I was watching a pair of hooded crows perched on chicken wire that ran along the roof of a restaurant across the street. One of them stared into my room like it recognised me. I have seen a hooded crow much like this one hold down a starling and tear out its entrails. It kept that starling alive for as long as possible. Maybe it was a lesson to the others. ‘Tasty,’ the bigger of the two said. I blinked and asked if it was talking to me. My window was closed so it probably didn’t hear me, but I felt for sure it could lip read. For the next thirty-seven minutes, and without a word, the hooded crows took it in turns to fly to my windowsill and batter the glass. When they finished their clattering augury, they returned to the restaurant, spoke little about the day’s events, settled down for the long dark night, and promised not to mention my father again.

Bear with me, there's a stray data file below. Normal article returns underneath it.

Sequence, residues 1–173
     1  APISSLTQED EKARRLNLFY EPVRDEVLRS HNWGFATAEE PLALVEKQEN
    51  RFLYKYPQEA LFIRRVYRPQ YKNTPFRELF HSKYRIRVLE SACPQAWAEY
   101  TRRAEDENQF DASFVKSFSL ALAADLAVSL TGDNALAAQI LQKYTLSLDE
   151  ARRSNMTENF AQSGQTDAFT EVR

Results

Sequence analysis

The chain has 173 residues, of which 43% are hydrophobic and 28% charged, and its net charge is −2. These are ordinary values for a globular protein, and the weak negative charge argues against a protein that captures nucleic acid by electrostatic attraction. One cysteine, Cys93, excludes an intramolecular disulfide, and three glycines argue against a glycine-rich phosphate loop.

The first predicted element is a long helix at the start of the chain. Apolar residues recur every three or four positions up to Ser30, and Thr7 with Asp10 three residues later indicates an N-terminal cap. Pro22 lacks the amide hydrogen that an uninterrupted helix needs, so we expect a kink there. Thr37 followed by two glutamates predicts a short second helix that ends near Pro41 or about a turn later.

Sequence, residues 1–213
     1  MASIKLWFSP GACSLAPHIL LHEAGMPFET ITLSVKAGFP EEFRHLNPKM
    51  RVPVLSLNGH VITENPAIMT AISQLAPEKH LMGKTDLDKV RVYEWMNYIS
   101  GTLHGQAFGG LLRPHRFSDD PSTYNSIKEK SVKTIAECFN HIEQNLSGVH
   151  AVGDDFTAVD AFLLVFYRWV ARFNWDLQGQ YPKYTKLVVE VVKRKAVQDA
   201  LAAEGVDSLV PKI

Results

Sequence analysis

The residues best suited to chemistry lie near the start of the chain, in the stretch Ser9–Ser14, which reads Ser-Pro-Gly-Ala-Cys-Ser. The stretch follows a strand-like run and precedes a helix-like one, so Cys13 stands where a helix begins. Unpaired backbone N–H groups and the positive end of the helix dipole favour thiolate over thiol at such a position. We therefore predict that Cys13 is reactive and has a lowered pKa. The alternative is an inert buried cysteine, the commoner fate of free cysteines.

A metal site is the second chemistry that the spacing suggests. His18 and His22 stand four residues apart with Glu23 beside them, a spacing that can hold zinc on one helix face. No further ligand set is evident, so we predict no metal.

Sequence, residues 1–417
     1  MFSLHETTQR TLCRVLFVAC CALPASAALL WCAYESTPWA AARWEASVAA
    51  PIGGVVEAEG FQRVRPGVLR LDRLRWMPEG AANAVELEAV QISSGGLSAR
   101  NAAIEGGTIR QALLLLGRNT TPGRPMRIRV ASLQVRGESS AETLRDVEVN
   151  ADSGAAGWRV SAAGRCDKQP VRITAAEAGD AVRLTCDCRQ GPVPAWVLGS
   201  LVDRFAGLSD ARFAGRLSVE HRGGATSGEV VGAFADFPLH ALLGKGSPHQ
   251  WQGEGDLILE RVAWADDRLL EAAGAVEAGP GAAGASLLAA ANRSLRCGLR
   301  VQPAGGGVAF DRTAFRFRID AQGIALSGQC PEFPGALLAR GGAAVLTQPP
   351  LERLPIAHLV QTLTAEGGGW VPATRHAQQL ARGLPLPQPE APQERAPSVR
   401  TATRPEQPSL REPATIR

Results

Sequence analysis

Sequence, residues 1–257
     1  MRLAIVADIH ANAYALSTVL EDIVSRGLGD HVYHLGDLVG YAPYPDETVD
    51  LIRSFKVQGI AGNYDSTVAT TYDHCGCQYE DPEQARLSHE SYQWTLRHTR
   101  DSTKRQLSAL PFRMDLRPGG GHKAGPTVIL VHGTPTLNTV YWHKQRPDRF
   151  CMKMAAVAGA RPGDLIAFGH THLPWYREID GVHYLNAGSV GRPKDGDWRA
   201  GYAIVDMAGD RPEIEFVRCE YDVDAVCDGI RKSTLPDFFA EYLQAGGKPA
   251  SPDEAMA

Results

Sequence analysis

MARK RUSSELL’s poems have appeared recently in Poetry Wales, Wild Court, and Tears in the Fence. He won the 2020 Magma Poetry Judge’s Prize.